Jews and Baseball: An American Love Story
Review by Ralph Lucas, Publisher
(September 26, 2010 – Toronto, Ontario) Like most boys growing up in the 1950s I chewed gum and collected baseball cards. Who didn’t? Thanks to a liberal household and a wide variety of family friends, I was very aware that our little corner of the world wasn’t populated solely by white, Anglo-Saxon, Christians who only spoke English. But I didn’t really become a baseball fan until my home town of Montréal got it`s own major league team in 1969. Unfortunately I was working in radio in Toronto at the time and Toronto media didn’t really go overboard when it came to Montreal sports. Much later in my radio career I worked at a station in Montréal that had a Sky Box at the Olympic Stadium and I would often go to games when we were entertaining clients, or contest winners. Did I know there were Jews in baseball back then? Absolutely. Who didn’t?
If you lived in Montreal, and even if you didn’t, anyone who knew anything about baseball and Jews knew the Montreal Expos were owned by Charles Bronfman, and if you didn’t know the Bronfmans were Jewish you didn’t have enough native intelligence to stand upright. Back in those days people in Montreal used to talk about how Bronfman`s initials were not so subtly embedded in the team’s logo. And so it was with a certain sense of nostalgia that I sat down to watch a new documentary titled Jews and Baseball: An American Love Story, which is narrated by Dustin Hoffman.
The idea for the feature-length film came from Winnipeg-born, Toronto-based Producer William Hechter. “Making this film was a thrill,” said Hechter in a media release. “I was inspired from start to finish, and every day was like being at the 7th game of the world series. We had a dream team of all stars to work with, and I was very fortunate that everyone involved put so much into making this happen.”
While it is the first major documentary to tell the stories of Jews and Baseball, or perhaps a little more accurately, Jews in Baseball, nothing in this film will come as a huge revelation to anyone who knows anything about the sport. As a kid growing up in the 50s I knew Sandy Koufax was Jewish. I think, hope, that everyone did. When I mentioned I had screened the film to a friend of mine he instantly began to rhyme off names starting with the great Hank Greenberg, who occupies a lot of real estate in this film. There are also interviews from fans, writers, executives, and of course the players themselves including Al Rosen, Kevin Youkilis, Shawn Green, Norm Sherry, Ron Blomberg, Bob Feller, and Yogi Berra. Jews and Baseball: An American Love Story also includes a rare interview and appearance with the legendary Sandy Koufax (pictured above) and I was pleased to see the Expos remembered by Charles Bronfman himself. Super fans seen on-screen include TV talk show host Larry King, and Producer-Director-Actor Ron Howard.
The key to the film comes in its subtitle, An America Love Story. The focus may be on baseball, but the film travels beyond that relatively small ballpark to explore the issues of immigration, assimilation, bigotry, heroism, the passing on of traditions, and the shattering of stereotypes. As one former major league player remembers being told, “You should be an attorney or a doctor, but not a ballplayer.” Just a small sample of the prejudice he and other Jewish athletes faced. But despite the stereotypes, and in the face of hostility from fans and even violence from opposing players, there have been Jewish players in baseball for the past 140 years.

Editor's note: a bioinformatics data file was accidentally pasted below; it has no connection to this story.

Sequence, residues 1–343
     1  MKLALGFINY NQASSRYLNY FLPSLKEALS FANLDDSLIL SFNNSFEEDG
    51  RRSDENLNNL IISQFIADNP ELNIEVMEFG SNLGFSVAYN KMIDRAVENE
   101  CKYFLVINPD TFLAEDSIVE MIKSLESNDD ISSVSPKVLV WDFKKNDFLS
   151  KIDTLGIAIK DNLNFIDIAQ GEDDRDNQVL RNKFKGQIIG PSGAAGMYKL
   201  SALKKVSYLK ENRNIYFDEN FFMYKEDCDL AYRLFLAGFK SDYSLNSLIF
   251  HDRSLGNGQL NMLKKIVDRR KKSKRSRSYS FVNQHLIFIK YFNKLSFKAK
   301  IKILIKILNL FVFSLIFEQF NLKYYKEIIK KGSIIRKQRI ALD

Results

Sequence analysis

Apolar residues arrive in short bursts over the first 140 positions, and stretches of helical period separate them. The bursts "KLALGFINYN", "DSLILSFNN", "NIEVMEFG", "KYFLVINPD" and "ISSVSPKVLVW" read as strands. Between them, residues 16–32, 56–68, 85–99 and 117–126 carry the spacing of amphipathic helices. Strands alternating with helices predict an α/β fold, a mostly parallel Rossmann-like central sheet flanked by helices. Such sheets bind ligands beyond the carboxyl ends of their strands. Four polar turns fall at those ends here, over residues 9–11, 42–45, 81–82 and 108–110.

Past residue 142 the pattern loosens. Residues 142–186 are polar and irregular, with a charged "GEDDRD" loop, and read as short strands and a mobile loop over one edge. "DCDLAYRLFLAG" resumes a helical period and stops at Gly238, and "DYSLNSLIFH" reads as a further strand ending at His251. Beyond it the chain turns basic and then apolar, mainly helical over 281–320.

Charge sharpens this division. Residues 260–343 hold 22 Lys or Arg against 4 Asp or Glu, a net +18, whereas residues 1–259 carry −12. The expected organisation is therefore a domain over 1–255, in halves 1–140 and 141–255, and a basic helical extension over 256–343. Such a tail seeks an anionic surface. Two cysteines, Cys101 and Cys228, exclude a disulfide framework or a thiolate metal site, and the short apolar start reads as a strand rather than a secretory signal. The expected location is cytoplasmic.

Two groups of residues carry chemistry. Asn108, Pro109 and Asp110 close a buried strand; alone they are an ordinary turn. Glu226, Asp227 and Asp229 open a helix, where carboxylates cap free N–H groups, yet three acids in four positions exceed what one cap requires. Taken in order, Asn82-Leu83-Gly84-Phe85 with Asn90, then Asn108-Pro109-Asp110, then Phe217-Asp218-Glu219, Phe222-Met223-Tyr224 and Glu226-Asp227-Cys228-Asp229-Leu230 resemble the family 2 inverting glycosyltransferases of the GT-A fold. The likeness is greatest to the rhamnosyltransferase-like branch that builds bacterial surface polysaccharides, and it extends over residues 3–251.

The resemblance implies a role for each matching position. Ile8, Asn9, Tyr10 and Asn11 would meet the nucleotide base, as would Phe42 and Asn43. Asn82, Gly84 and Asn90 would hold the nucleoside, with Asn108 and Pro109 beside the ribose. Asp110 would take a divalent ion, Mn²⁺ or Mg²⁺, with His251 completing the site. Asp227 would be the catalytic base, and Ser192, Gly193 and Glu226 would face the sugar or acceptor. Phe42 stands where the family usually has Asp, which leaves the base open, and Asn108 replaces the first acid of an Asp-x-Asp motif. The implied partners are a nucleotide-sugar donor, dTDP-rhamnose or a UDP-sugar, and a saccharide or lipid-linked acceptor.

The film achieves what it set out to do easily, but part way through the movie I had to ask myself why was this production necessary? If viewed strictly as a celebration of Jews, the scope is far too narrow. The emphasis not so much misplaced, but given more weight than it possibly deserves. What made Jews and Baseball: An American Love Story interesting for me was the archival footage of baseball the way it used to be. Afternoon games played before gigantic sold-out crowds in what used to be the temples of the sport, including Ebbets Field in Brooklyn before the Dodgers headed west. Here we get to see baseball as a woven piece of the fabric of America. The fact that Jews played the sport becomes incidental. The fact that Jews had become part of that fabric, despite everything that was placed in their way, is monumental.
Directed by Peter Miller, who has previously produced and occasionally directed documentaries or historical dramas, Jews and Baseball: An American Love Story should not be approached as a previously unreleased episode in Ken Burns’ epic “nine innings” series simply titled Baseball. While this stand-alone production touches briefly on many of the changes in the sport Burns covered in detail, the singular thread promised in the title is told with passion, humour and a tangible respect for what is often called the Great American Sport.
Like all good documentaries, you come away from this film knowing more than you did when you sat down. If I may be permitted the obvious cliche, while Jews and Baseball: An American Love Story doesn’t quite hit it out of the ballpark, it achieves a terrific home run and deserves to be watched by anyone who is a fan of the game, regardless of your background.
Jews and Baseball: An American Love Story opens on October 1, 2010 in Toronto at the Cineplex Sheppard Grande, and in Montreal at the Cavendish Mall.
Click here to see the trailer for Jews and Baseball: An American Love Story.
Ralph Lucas is a former broadcast executive and award-winning director in high-end corporate video production. The founder and publisher of Northernstars.ca, online since 1998, he began writing about film and reviewing movies while in radio in Montreal in the mid-1970s